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Re: Diagramming conditional reasoning involving Unless

Postby Jeffort » Mon Jun 03, 2013 9:22 pm

ColumbiaBigLaw wrote:I thought when using unless (as well as until, without, and except) you had to use the event/condition that unless modifies as the necessary condition, and negate the other event/condition and use that as the sufficient condition.

So why is this:
Unless they find an eyewitness and put the defendant on the stand, they will lose the case.

Diagrammed as this: LC --> FE and DS

LC - lose case, FE - find eyewitness, DS - defendant on stand.

Shouldnt we negate lose case and make it NOT lose case?


Why do you think the diagram you posted is correct? It is incorrect, LC should be negated as you suggest at the end of your post.

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Jeffort
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Re: Diagramming conditional reasoning involving Unless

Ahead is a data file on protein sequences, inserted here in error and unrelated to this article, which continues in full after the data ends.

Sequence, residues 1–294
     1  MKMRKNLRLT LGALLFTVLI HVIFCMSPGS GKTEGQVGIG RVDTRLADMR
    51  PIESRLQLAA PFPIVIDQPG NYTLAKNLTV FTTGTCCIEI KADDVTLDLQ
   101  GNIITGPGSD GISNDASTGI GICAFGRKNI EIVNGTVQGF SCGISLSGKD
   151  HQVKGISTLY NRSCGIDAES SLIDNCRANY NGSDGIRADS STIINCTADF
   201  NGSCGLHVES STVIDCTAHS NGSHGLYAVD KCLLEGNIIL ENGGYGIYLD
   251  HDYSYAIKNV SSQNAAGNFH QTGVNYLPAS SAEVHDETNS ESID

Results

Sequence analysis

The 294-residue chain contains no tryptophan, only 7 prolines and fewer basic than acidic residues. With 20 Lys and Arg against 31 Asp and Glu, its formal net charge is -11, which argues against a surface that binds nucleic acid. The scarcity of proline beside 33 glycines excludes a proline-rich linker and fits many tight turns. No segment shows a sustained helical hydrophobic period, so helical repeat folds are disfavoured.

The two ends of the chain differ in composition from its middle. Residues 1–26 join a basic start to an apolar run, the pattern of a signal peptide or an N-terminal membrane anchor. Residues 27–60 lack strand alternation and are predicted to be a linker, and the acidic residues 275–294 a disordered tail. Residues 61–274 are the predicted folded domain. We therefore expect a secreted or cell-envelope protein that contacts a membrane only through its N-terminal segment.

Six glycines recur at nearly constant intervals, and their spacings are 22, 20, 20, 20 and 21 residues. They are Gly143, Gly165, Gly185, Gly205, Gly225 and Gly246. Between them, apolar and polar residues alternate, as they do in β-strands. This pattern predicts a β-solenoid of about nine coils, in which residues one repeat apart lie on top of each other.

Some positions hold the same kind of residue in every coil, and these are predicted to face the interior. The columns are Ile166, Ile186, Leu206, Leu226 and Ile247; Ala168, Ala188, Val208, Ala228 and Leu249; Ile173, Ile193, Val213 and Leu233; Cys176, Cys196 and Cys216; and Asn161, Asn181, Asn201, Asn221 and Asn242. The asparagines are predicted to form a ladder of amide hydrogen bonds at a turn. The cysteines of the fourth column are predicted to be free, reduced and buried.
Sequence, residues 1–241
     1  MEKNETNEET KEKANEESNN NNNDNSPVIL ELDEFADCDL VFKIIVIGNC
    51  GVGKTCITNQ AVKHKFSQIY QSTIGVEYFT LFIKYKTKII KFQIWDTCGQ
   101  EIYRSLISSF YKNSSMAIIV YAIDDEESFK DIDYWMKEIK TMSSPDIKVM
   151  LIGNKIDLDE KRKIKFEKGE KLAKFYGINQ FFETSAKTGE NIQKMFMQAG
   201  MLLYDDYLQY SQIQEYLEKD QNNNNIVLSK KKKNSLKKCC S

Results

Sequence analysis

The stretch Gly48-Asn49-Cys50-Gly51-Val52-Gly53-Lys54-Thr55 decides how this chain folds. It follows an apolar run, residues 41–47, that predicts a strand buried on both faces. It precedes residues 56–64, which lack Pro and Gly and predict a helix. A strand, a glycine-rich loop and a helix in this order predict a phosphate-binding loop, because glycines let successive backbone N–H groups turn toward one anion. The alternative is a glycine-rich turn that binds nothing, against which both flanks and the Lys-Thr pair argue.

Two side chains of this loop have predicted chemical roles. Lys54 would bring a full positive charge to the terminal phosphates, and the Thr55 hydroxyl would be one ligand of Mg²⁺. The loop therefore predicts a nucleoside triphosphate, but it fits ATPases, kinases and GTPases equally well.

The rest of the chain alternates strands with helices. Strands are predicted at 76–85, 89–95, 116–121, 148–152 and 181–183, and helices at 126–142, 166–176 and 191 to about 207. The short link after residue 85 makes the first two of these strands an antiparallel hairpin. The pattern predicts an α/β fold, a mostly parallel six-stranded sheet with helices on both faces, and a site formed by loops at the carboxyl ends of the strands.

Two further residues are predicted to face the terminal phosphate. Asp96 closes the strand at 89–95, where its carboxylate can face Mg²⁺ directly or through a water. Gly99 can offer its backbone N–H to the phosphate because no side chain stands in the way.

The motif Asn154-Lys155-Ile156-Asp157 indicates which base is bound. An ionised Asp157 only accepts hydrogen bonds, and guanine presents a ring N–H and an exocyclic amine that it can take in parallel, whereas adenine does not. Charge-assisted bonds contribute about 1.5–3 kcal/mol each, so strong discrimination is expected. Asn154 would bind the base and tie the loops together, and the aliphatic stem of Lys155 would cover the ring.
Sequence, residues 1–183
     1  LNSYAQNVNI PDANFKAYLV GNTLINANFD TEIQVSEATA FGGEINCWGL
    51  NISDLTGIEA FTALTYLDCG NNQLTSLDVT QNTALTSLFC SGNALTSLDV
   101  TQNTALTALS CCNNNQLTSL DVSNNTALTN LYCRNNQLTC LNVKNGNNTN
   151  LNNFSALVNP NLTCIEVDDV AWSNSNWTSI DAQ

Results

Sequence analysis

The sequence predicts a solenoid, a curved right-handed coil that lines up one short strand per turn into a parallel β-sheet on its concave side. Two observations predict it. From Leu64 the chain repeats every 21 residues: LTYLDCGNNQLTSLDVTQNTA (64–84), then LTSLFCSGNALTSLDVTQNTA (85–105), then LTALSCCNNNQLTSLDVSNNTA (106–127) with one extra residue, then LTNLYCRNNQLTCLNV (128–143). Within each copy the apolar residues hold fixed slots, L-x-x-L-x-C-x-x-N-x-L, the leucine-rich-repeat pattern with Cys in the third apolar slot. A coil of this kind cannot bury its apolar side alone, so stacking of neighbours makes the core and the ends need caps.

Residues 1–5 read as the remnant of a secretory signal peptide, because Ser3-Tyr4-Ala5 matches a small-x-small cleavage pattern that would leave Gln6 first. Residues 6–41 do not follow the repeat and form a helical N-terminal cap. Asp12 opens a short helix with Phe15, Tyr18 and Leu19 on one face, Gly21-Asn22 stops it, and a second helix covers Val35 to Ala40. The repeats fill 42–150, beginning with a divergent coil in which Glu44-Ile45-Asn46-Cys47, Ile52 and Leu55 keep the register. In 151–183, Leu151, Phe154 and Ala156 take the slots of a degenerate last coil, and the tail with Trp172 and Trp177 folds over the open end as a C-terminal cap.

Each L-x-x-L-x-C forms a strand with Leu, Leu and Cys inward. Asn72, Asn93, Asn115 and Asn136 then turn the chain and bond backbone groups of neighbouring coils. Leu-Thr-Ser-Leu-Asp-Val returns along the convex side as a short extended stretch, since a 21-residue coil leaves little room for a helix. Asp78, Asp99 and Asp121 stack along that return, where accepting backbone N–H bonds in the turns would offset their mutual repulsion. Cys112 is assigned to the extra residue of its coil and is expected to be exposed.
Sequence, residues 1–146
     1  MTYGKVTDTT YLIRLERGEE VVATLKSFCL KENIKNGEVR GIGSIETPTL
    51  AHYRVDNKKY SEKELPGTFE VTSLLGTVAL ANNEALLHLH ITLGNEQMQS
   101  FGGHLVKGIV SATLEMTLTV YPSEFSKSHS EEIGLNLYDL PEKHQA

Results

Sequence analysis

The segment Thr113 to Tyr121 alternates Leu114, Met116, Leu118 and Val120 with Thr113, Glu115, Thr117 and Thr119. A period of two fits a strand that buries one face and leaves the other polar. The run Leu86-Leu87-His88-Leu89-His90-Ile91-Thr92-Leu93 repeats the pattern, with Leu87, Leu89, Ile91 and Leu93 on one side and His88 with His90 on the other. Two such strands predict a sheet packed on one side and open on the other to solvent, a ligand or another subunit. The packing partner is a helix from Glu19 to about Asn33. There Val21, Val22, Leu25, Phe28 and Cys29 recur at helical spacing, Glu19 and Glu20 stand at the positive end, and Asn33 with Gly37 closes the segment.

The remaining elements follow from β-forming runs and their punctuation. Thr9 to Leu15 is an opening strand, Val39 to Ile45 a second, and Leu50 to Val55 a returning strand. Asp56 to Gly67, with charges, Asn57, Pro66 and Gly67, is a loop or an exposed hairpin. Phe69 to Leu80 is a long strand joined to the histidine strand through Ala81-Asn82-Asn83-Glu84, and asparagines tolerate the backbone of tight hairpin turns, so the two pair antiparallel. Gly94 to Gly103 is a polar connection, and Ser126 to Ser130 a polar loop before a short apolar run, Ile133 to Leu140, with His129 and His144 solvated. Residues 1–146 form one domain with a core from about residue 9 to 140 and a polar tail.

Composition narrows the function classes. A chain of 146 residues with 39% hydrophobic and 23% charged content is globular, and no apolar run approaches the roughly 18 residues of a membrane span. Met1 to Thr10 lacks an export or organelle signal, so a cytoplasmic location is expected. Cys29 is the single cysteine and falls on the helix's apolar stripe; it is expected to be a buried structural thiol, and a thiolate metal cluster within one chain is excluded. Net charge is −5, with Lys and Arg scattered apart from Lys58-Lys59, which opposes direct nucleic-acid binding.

Postby Jeffort » Mon Jun 03, 2013 9:24 pm

ColumbiaBigLaw wrote:
lovejopd wrote:Treat Unless as "Not If"

Not(FE AND DS)-->LC

=Contrapositive

Not LC --> FE OR DS

HTH



I dont think I understand. The only issue I am having is trying to understand why its not negated as PowerScore taught me. I have been using that rule for a bit now and then this example just goes against it and its really just bugging me out.


As in my previous post, why do you think the example you posted is correct? It is not.

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stray
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Re: Diagramming conditional reasoning involving Unless

Postby stray » Mon Jun 03, 2013 9:26 pm

Jeffort wrote:
ColumbiaBigLaw wrote:I thought when using unless (as well as until, without, and except) you had to use the event/condition that unless modifies as the necessary condition, and negate the other event/condition and use that as the sufficient condition.

So why is this: